Gut Feelings

By Jennifer Johnson

Scientists have told us for years there is a strong link between our feelings and the state of our stomach. The “enteric nervous system,” or ENS, in our digestive system has sometimes been called the “second brain,” and a 2013 study found that introducing different bacteria to the stomach can cause changes to our emotions.

The Las Vegas strip
The Las Vegas strip.

Chalk one more up for the ancient Greeks; long before today’s research, they’d coined the word splagna, which roughly translates to “compassion” but literally means one’s guts. They knew that when we feel empathy in our hearts, we can also feel it in our bodies. In fact, sometimes we almost physically hurt in our deepest places for the needs of others.

Both Vince Antonucci at Verve in Las Vegas and the team at Real Life Christian Church in Florida are meeting those needs in risky ways. For Vince, it was the commitment to staying on the Strip instead of planting in the suburbs, launching the Vault Conference to equip other leaders to learn from his experience, and starting a new church planting movement focused on people far from God (click here to read a related article). For the team at Real Life it’s tackling some of the toughest and most controversial issues, live, on-air, and in a public forum (click here to read a different related article).

“Sometimes the pastors appearing on the show are working through the issues in their own minds even as they participate in the discussion,” Marc Naugler and Chris Gingrasso told me. “We talk about being real, and these are definitely very real and unscripted conversations.”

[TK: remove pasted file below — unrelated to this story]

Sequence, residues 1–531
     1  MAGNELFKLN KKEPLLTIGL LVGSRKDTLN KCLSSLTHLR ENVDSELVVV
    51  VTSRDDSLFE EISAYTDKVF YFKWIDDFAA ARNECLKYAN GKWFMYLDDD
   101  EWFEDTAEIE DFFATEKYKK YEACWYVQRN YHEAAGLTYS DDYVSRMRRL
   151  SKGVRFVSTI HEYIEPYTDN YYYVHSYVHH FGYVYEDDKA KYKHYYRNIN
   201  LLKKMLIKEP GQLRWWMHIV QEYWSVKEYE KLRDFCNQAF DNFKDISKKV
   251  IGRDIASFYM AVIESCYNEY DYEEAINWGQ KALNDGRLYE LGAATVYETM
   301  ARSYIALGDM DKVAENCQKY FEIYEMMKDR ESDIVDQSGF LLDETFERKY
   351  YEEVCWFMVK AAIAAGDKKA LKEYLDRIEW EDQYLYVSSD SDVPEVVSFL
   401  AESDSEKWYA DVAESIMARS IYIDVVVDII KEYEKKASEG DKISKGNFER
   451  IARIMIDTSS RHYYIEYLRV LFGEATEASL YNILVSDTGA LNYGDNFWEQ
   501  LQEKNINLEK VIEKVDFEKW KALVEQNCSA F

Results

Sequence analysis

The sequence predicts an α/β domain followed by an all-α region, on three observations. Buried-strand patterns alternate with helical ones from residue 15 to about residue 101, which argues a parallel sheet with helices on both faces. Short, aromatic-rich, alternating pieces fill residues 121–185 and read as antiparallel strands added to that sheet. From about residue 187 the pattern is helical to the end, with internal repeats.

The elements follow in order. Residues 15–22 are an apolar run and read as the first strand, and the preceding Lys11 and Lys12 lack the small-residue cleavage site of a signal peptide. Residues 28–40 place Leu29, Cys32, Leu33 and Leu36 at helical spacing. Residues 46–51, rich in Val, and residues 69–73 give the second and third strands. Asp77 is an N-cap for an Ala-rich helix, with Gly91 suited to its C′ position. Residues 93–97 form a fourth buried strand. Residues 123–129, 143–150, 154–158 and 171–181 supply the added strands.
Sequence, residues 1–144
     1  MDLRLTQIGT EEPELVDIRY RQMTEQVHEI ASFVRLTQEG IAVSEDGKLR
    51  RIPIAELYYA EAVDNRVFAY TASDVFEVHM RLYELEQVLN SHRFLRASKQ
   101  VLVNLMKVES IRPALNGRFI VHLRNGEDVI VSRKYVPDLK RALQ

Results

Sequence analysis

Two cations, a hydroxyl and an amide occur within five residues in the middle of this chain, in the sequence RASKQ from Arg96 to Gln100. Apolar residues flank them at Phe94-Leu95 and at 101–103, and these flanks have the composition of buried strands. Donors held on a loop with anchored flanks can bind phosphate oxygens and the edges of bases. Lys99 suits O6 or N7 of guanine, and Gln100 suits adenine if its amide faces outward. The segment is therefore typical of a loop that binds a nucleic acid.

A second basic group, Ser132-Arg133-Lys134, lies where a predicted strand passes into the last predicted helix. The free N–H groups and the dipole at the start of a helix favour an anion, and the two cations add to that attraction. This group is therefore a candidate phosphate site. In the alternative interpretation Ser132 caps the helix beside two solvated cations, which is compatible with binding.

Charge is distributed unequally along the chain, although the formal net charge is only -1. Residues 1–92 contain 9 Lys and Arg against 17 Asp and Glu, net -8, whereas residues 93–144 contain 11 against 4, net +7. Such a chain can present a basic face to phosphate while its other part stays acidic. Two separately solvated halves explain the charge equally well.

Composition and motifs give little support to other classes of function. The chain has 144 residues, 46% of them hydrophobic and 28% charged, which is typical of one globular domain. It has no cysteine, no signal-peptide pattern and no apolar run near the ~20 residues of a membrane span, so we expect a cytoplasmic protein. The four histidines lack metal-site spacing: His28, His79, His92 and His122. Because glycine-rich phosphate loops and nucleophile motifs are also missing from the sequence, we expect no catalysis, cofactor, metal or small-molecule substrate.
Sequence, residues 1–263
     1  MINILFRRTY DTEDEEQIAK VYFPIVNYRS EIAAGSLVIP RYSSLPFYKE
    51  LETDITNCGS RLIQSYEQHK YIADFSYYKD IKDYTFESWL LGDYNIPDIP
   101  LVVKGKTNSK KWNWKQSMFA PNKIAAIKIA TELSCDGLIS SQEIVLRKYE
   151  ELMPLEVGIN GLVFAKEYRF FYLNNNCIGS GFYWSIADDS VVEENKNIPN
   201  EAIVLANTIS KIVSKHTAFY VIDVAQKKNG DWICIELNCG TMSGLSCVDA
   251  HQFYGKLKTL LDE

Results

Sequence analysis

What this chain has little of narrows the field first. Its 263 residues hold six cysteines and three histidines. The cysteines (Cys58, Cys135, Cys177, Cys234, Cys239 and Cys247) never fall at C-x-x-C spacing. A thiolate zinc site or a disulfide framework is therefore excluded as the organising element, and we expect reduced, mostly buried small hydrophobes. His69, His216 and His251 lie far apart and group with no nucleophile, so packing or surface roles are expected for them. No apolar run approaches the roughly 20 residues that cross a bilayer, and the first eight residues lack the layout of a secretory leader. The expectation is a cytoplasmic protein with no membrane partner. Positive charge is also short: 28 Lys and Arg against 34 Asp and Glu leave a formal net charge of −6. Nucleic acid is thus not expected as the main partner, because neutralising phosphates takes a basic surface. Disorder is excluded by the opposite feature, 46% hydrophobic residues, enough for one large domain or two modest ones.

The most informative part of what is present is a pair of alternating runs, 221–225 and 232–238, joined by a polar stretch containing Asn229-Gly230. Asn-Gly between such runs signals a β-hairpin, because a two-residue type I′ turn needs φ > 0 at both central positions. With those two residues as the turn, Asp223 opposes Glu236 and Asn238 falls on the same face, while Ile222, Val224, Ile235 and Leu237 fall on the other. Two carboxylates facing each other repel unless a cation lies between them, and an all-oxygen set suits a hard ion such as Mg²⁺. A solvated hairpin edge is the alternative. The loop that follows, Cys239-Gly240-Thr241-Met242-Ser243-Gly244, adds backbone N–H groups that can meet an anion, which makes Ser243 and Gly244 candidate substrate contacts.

I’m not much of a risk-taker by nature; my parents like to tell the story of arriving at the church nursery to pick me up after services one Sunday morning and finding me hiding under a crib. According to family lore, I sat there solemnly, without tears, fat-dimpled hands resting on stubby legs, blinking out at the world and venturing forth only when Brandon Abercrombie crawled in next to me and pulled my hair.

But almost every Bible character who allowed God to use his life in a significant way did so because he took risks. Abraham left everything familiar to travel to a far country, David spent years on the run from a mad king, Mary delivered a baby alone in a cave, and Paul survived shipwrecks and endured prison. Throughout Scripture, God’s people feel fear as a noun but don’t indulge in fear as a verb, and I love the way Vince and Marc and Chris and many other leaders are doing the same, following a Messiah who went to parties with tax collectors and a Father who said, “Fear not.”

Both compassion and courage are needed to take our faith to cynical people with complex questions. When we feel splagna as we encounter a hurting world, it should give us the guts to share Jesus.

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